Finally, there are many difficulties in conceptualizing and measuring religious pluralism or diversity that cast doubt on the evidence that Stark and his associates produce to support their contrast of different types of religious markets. De Toqueville built his impressions of America while travelling. America as a whole had, and still has, a great range of religious alternatives, but any one part of America—the places that people actually inhabit—showed a great deal of religious concentration. Utah was overwhelmingly Mormon. The southern states were conservative Baptist or Methodist (and they are very similar). Catholics were concentrated in Florida, Louisiana, East Texas, and Southern California. Large parts of the Mid-West were Lutheran. Pluralism would feature in people’s choices only if it was the case that they could pick between a variety of churches. In practice most could not. The religious historian Edwin Gaustad defines homogeneity as more than 50 per cent of the population belonging to the same denomination.18 By that measure in 1906, twenty-two of forty-eight states of the USA were homogenous. The figures for England were almost the same.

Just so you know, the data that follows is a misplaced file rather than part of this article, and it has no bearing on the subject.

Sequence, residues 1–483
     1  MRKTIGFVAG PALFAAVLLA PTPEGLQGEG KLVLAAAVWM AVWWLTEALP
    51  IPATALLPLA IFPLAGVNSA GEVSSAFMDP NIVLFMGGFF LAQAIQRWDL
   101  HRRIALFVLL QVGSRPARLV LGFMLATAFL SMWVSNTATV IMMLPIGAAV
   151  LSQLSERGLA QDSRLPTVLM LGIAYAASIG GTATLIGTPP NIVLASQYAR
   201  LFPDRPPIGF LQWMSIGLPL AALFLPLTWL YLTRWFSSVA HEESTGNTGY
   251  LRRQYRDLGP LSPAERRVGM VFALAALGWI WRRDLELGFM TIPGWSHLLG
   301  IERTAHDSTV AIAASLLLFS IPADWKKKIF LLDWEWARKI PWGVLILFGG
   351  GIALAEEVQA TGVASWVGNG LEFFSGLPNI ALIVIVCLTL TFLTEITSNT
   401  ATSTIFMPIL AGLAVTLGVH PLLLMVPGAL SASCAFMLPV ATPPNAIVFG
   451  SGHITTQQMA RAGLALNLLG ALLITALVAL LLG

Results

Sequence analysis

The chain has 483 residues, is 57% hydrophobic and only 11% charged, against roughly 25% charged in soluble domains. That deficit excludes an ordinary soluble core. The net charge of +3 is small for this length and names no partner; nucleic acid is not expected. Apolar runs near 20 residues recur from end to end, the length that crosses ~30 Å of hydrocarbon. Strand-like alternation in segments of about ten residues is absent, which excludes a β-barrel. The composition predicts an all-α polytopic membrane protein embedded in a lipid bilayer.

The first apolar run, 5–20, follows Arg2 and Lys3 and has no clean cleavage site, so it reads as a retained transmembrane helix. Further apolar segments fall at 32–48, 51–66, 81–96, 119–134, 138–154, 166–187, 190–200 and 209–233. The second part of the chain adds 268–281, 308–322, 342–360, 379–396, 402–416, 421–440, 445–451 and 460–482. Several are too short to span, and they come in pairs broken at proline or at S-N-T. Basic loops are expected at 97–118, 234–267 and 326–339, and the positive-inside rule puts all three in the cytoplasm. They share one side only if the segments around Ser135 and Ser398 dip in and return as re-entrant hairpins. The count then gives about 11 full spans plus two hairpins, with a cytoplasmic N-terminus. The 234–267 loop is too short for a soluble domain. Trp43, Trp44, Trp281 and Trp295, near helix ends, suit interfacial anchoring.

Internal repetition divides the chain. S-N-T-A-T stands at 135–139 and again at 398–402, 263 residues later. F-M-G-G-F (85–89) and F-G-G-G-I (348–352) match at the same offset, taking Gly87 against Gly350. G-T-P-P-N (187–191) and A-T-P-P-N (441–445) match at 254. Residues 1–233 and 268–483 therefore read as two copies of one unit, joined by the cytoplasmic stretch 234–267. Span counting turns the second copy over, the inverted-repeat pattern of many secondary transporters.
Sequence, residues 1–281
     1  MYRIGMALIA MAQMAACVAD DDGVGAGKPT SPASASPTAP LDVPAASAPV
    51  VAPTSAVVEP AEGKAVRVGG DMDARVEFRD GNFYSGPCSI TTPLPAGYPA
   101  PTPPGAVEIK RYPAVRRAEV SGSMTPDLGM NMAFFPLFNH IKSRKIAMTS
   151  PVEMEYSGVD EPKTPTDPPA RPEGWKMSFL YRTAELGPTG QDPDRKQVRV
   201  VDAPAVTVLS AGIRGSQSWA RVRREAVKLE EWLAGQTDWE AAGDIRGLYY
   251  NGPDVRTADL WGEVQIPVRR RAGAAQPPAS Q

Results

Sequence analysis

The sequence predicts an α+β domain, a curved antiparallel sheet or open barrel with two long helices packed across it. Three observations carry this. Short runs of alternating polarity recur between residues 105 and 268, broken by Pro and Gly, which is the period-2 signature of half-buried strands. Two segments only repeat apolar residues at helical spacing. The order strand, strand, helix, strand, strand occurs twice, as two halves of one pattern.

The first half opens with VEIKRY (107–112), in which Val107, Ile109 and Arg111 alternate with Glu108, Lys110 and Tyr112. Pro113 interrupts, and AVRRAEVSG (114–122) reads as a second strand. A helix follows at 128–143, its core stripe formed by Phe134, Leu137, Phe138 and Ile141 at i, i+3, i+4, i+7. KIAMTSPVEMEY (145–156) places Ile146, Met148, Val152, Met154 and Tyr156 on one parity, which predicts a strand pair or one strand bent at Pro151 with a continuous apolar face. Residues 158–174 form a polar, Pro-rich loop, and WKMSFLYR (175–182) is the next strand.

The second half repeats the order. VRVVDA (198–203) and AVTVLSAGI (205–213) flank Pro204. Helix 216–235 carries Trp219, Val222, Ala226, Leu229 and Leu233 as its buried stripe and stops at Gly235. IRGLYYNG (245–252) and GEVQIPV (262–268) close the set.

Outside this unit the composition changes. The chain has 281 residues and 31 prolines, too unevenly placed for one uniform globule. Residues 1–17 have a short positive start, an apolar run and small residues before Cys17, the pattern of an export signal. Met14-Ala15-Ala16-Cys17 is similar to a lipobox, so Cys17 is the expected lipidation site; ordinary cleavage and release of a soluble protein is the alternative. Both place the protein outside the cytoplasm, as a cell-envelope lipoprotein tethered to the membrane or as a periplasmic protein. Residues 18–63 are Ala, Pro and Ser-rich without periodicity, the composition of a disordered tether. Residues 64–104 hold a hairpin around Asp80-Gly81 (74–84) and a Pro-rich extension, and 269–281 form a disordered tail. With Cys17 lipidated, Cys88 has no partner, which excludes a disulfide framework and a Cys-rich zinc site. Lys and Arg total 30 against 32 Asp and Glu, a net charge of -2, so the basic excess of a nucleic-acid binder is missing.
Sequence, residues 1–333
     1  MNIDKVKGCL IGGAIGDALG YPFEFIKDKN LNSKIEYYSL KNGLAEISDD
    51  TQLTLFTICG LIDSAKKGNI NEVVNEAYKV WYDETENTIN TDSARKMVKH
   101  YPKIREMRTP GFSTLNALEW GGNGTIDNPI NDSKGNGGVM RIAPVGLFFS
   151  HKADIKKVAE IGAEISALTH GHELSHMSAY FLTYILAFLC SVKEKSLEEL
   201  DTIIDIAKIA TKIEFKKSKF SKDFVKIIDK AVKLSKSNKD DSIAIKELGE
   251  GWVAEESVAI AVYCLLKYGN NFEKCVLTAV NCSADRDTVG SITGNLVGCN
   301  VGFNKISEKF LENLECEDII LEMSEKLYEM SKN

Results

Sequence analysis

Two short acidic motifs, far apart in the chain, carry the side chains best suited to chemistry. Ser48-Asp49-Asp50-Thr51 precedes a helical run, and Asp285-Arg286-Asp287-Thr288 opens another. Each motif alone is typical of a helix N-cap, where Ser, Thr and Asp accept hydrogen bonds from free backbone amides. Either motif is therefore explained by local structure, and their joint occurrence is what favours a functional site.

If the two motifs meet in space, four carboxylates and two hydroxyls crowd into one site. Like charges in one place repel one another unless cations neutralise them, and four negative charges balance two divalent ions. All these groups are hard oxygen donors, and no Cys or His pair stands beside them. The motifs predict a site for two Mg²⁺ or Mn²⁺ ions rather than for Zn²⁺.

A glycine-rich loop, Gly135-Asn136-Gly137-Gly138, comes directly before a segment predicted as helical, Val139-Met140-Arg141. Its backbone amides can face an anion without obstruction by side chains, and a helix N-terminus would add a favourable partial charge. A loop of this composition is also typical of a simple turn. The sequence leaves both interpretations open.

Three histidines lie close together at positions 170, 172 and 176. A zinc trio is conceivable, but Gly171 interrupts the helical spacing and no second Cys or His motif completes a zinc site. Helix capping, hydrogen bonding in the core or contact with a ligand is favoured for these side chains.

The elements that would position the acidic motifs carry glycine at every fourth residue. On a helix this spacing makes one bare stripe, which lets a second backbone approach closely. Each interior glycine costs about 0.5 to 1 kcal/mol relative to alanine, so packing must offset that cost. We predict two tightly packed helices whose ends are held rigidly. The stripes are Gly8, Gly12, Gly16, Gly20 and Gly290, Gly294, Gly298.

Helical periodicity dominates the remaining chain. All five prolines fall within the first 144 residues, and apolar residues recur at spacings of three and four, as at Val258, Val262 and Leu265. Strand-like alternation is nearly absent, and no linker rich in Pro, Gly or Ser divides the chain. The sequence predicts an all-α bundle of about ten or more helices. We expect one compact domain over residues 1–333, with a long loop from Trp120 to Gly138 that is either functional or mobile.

Furthermore, there were two obstacles to Americans benefiting from pluralism which were absent from Britain. When Stark and Finke count churches so as to calculate how diverse a place is, they count a black Pentecostal church and a white Pentecostal church as two. But that is misleading, because even now blacks and whites do not share churches. The same point applies to language or ethnicity. A German Lutheran church is not much of an option for a Swedish American. In contrast, with the exception of a few Gaelic churches in the Anglophone Scottish Lowlands and a few Welsh chapels in England, all British churches used English (or Welsh in Wales and Gaelic in the Scottish Highlands and islands), and so no one was excluded by language from any particular outlet. Since the 1980s London and the south-east of England have acquired a number of Pentecostal churches attended largely by West Africans and very few white folks, but this is new. For most of the nineteenth and twentieth centuries all the British churches have been equally attractive to people of all ethnic backgrounds. Arguably the absence of racial, language, and ethnic divisions meant that many UK towns and cities (p.240) offered their people a greater range of actual choices than did their US counterparts.